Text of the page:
Background Musculoskeletal ultrasound (MSU) is an imaging technique proved to be valid in several musculoskeletal conditions. In osteoarthritis (OA) it allows the identification of inflammation and structural damage. However, MSU is an operator dependent method and its widespread use has been hampered by questions related to the reliability of both, image acquisition and image interpretation.
Objectives The objective of this study was 1) to evaluate the interobserver reliability of knee OA according to the definitions used by the OMERACT reliability exercise of inflammatory and structural abnormalities in patients with knee osteoarthritis using ultrasound and 2) to compare the interobserver reliability on previous collected images (static reading, thereafter) versus after the acquisition and interpretation of images in real time (real time reading, thereafter).
Methods A reliability exercise based on the reading of US images was conducted by two experienced rheumatologists in MSU. A set of 59 images of both, normal and OA knee lesions were collected for the static reading. A set of 20 knees were scanned by each rheumatologist for the real time reading. Dichotomous and semi-quantitative scoring (0–3) was performed for the presence of damage on the condrosynovial margin, osteochondral margin and matrix of the throchlear cartilage, osteophytes at the lateral and medial femoral condyle and proximal tibia, medial and lateral meniscal extrusion and Baker's cyst. Interobserver reliability was calculated by the Cohen's kappa coefficient.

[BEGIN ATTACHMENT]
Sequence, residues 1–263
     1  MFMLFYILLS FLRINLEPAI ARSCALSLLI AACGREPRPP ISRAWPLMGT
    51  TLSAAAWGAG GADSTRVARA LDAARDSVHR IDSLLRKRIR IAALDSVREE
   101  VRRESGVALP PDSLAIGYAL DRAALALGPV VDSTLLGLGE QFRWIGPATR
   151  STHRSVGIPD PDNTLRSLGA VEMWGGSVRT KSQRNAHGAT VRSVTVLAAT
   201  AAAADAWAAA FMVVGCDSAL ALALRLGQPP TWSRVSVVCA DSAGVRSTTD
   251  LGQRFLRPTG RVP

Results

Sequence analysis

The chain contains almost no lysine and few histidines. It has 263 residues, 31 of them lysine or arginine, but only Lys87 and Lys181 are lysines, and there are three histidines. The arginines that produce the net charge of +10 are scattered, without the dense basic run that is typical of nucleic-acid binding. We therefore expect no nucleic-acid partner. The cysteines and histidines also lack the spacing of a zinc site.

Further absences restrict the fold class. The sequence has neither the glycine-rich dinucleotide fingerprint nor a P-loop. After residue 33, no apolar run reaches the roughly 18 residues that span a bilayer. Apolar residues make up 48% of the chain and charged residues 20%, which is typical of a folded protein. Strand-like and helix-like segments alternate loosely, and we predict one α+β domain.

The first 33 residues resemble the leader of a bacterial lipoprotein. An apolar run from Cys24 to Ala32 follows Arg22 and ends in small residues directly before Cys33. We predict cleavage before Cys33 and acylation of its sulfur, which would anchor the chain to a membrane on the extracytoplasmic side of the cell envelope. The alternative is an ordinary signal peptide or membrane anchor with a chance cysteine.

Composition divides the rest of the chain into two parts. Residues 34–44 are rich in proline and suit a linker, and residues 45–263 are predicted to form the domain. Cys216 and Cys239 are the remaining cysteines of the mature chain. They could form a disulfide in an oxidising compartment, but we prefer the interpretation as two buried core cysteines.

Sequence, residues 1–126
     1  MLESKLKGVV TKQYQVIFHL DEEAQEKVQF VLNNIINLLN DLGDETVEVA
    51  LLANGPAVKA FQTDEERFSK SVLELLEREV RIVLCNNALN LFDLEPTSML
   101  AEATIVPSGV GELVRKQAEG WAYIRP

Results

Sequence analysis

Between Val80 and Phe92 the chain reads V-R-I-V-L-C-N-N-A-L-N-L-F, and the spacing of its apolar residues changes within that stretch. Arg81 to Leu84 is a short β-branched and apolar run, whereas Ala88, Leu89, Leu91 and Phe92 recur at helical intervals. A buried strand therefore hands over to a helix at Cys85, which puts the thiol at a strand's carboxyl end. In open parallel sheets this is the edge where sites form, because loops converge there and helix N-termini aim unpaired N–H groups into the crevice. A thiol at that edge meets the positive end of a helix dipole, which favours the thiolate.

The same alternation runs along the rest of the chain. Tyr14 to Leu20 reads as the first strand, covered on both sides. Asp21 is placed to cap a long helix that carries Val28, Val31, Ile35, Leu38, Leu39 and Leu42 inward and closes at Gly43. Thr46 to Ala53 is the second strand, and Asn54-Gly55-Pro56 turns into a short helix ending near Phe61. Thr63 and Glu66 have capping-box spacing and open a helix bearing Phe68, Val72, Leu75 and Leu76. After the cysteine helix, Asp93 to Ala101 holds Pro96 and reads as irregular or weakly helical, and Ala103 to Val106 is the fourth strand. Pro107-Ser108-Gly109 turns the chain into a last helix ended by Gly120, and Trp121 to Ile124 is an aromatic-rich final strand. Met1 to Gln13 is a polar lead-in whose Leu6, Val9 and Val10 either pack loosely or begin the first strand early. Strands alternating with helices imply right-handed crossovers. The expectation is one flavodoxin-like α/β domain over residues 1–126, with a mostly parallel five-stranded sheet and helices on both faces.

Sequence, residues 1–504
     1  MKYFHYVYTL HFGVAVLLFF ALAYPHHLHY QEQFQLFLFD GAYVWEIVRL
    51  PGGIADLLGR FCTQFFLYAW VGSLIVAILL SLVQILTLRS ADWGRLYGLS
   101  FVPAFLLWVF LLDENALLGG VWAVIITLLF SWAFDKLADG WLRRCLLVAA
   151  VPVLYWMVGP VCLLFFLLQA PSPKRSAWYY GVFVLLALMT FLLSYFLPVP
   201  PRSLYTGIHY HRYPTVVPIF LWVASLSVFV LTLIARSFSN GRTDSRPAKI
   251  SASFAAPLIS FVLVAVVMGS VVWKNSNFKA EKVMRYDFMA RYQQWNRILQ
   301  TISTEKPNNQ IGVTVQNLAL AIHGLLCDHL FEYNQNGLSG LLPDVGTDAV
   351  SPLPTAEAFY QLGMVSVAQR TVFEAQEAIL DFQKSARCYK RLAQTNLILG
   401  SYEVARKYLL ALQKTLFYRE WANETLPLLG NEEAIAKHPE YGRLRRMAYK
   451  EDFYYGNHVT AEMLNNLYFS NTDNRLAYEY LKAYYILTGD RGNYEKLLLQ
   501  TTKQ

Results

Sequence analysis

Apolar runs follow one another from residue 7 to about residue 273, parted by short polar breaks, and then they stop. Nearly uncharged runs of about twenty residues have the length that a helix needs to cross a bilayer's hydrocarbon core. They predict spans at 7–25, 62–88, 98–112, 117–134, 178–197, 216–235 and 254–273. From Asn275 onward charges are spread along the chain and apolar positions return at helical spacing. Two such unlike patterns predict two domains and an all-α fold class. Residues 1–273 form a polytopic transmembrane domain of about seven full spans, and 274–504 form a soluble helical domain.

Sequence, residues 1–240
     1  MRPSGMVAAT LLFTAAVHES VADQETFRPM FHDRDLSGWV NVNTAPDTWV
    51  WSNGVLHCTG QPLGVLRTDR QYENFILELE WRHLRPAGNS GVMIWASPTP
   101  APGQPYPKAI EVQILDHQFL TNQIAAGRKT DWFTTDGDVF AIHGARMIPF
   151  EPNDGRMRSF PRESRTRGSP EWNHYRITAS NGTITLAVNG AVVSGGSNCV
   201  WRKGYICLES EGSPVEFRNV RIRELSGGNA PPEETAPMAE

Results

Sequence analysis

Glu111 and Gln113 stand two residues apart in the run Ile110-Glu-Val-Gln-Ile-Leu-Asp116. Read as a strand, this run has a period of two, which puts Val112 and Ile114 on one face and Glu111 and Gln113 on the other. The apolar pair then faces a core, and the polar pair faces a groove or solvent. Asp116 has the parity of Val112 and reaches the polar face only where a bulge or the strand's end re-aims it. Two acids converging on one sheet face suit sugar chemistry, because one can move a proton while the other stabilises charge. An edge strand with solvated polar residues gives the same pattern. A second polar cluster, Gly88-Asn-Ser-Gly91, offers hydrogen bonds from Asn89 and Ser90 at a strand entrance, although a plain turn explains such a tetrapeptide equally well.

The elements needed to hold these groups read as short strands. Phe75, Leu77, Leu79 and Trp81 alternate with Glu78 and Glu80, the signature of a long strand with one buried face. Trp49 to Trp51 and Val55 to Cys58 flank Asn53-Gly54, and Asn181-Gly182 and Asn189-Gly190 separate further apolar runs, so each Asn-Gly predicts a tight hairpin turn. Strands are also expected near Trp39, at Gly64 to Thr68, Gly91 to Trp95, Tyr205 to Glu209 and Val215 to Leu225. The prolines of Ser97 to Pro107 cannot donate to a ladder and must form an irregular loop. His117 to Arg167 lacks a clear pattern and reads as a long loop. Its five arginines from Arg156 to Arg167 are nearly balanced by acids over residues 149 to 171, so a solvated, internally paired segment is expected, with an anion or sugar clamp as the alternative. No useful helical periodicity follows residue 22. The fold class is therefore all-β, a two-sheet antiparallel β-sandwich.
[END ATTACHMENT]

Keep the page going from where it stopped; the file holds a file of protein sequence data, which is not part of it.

Results Interobserver reliability scores for the static reading were good for cartilage damage, meniscal extrusion and Baker's cyst, while they were excellent for the presence of osteophytes. The scores for the real time reading were poor to moderate for cartilage damage, osteophytes and Baker's cyst and good for meniscal extrusion. These results are shown in Table 1.
Conclusions This exercise shows that the interobserver reliability of MSU for the detection of knee OA lesions is widely different depending on the type of reading (static versus real time). Although MSU seems to be reliable for the detection of knee OA lesions, caution needs to be taken in the interpretation of published data regarding the type of reading exercise performed.
Ann Rheum Dis 2016;75:842–846.
Disclosure of Interest None declared